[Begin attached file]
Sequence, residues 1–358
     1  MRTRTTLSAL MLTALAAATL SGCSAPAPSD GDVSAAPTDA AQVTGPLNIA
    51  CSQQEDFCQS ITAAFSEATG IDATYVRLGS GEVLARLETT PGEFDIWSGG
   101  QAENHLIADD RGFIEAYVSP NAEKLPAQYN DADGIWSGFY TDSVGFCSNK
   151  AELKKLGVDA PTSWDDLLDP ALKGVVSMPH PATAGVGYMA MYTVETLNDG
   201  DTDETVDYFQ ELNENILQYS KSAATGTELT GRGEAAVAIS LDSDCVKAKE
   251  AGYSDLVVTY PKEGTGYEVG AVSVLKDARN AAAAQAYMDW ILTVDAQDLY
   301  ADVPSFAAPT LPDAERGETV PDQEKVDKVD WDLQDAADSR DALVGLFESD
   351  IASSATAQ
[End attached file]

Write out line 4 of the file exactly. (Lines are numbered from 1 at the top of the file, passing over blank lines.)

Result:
   101  QAENHLIADD RGFIEAYVSP NAEKLPAQYN DADGIWSGFY TDSVGFCSNK